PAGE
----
A recent report of the last West African Senior School Certificate, WASSCE, showed a decline in students’ performance in English Language and General Mathematics but an improvement in the performance of candidates in Arabic, Igbo, Islamic Studies, and CRK.
This was made known in a communiqué issued at the end of the 57th meeting of the Nigeria Examination Committee (NEC) of the West African Examinations Council (WAEC), by the Public Affairs Officer, WAEC Nigeria, Mr. Yusuf Ari.
Yusuf said: “The Committee noted the observation in the Reports that there was improvement in the performance of candidates in Arabic, Igbo, Islamic Studies, CRK, Government, Music, Visual Art 2, Agric. Science 3, Biology 3, Health Science 1 & 2, Physics 2 & 3, Applied Electricity 1, Metal work 1, Technical Drawing 1 and Woodwork 1 & 3. They noted the report that there was no significant change in French 1c, Hausa, Lit-in-Eng. 2 & 3, Yoruba, Chemistry 3, Physical Education 1, Applied Electricity 2, Electronics 1 and Further Mathematics. Members also noted the report that performance declined in English Language, Economics, Geography 1B, History, Music 2B, Visual Art 1, Agric. Science 2, Biology 2, Chemistry 2, Physical Education 2, Clothing and Textiles 2, Foods & Nutrition 2, Home Management 2, Electronics 2, General Mathematics, Auto Mechanics 2, Building Construction 1 & 2 and Woodwork 3.”
The Committee also strongly expressed concern at the high incidence of malpractice in examinations. “In view of the noticeable increase in the use of programmable calculators by candidates during examinations,” the communiqué read, “in contravention of the rules and regulations guiding the conduct of its examinations, the Committee mandated the Council to introduce WAEC branded, non-programmable calculators, and mathematical sets for use by candidates, with effect from November/December 2014 WASSCE.
Some of the strengths of candidates mentioned in the reports included, adherence to rubrics and good interpretation in some subjects, originality in reasoning in others, proper use of terminologies in some subjects, good layout of their responses in others, demonstration of the skills required for performing tasks involving sketches in some subjects, proper organisation of ideas in others, and appreciable mastery of the subject matter in some subjects.”
The Committee also noted the general weaknesses of candidates in various subjects as outlined in the reports.
These included, inadequate preparation and rote memorisation, illegible handwriting, poor choice of questions, failure to answer the required number of questions, vague or irrelevant answers, inadequate division of time between questions, grammar and spelling errors, misinterpretation of the demands of the questions and difficulty in framing their responses due to poor command of the English Language.
Other weaknesses of candidates mentioned in the reports included: inability to marshal their points and answers to questions that required detailed explanations, inability to spell technical words correctly, poor graphical analysis and poor quality diagrams, inadequate exposure to laboratory work coupled with inability to perform Mathematical operations correctly.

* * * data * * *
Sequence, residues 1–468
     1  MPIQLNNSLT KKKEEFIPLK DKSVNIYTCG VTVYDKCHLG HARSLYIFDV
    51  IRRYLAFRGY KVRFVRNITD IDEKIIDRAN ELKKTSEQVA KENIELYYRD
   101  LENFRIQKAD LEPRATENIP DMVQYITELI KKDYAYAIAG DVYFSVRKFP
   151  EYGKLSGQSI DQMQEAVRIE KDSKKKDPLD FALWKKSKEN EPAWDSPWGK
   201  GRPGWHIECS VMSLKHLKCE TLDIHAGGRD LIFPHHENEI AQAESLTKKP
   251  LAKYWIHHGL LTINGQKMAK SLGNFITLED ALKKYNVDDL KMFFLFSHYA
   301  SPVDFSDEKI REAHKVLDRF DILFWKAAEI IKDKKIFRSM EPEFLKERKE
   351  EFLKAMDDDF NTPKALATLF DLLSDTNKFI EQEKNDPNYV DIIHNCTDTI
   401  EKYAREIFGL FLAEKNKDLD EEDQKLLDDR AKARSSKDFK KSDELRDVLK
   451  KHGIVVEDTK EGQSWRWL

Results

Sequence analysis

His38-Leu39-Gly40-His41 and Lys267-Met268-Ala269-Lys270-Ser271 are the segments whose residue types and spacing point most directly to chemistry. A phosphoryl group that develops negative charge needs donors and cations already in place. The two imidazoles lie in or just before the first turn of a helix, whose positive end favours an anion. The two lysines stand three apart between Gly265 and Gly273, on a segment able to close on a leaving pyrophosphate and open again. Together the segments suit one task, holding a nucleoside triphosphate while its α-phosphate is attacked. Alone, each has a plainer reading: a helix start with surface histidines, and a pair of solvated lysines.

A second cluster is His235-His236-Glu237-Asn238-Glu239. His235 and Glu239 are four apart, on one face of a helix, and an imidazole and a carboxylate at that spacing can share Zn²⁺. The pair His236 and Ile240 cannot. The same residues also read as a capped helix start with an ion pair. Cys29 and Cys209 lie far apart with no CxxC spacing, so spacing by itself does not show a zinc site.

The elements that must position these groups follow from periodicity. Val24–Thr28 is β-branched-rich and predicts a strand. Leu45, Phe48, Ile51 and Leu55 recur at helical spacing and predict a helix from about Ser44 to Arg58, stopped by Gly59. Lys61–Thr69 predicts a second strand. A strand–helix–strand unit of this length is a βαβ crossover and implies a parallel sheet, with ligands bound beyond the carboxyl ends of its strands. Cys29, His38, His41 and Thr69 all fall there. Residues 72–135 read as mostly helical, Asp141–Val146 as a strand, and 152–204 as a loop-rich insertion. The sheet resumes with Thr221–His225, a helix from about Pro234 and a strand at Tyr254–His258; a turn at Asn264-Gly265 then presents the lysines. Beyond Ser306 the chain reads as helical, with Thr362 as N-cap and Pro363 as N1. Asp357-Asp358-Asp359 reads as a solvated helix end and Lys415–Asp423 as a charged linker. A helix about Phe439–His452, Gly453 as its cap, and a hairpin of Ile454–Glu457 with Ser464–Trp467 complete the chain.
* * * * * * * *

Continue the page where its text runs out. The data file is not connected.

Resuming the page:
Others included inability to take measurements properly and state their units correctly, inability to present answers to the required degree of accuracy and inadequate familiarity with the set texts which explains the sketchy answers given to some questions.
In the light of the above challenges, the WAEC Nigeria committee provided some solutions and called on stakeholders to: Make effort to improve upon their understanding and use of the English Language in order to appreciate the requirements of the questions and make their responses appropriate and coherent; strive to cover the syllabuses for the subjects they wish to sit before the commencement of examinations; make greater use of online resources and read the prescribed texts in the various subjects rather than depend solely on commentaries; read the questions and rubrics, carefully focusing on the task to ensure that they understand the meaning of the key words in the questions before attempting them.
The committee also called on students to practice answering questions from past papers under timed conditions as it demystifies examinations and helps candidates to be focused; developing the necessary knowledge and skills for averting the pitfalls; learn how to plan their responses and manage the time allocated to the examination papers efficiently; learn the basic principles and concepts in the various subjects and apply them to solving simple everyday problems; engage in practical activities and improve on their skills in basic mathematical computation, drawing and labelling of diagrams; ensure that terms and definitions associated with the various subjects are correctly understood; and endeavour to write legibly and ensure that their work is clearly laid out.
WAEC Nigeria also expressed deep concern that Nigerian candidates had won very few of the international awards being given under the aegis of the WAEC Endowment Fund, for outstanding performance in the Council’s examinations in recent years. The unimpressive performance of Nigerian candidates at the sub-regional level, the Committee believed, was due to lack of essential inputs, human, material and otherwise – required to drive a sound educational system and the lack of continuity in the system.
The Committee implored the federal and state governments, as well as other stakeholders in the education sector to articulate policies and programmes which would help improve the standard of education in the country.
These include the provision of appropriate manpower, adequate infrastructure and teaching aids, which would facilitate proper teaching and learning so as to adequately prepare secondary school of students for WAEC examinations.
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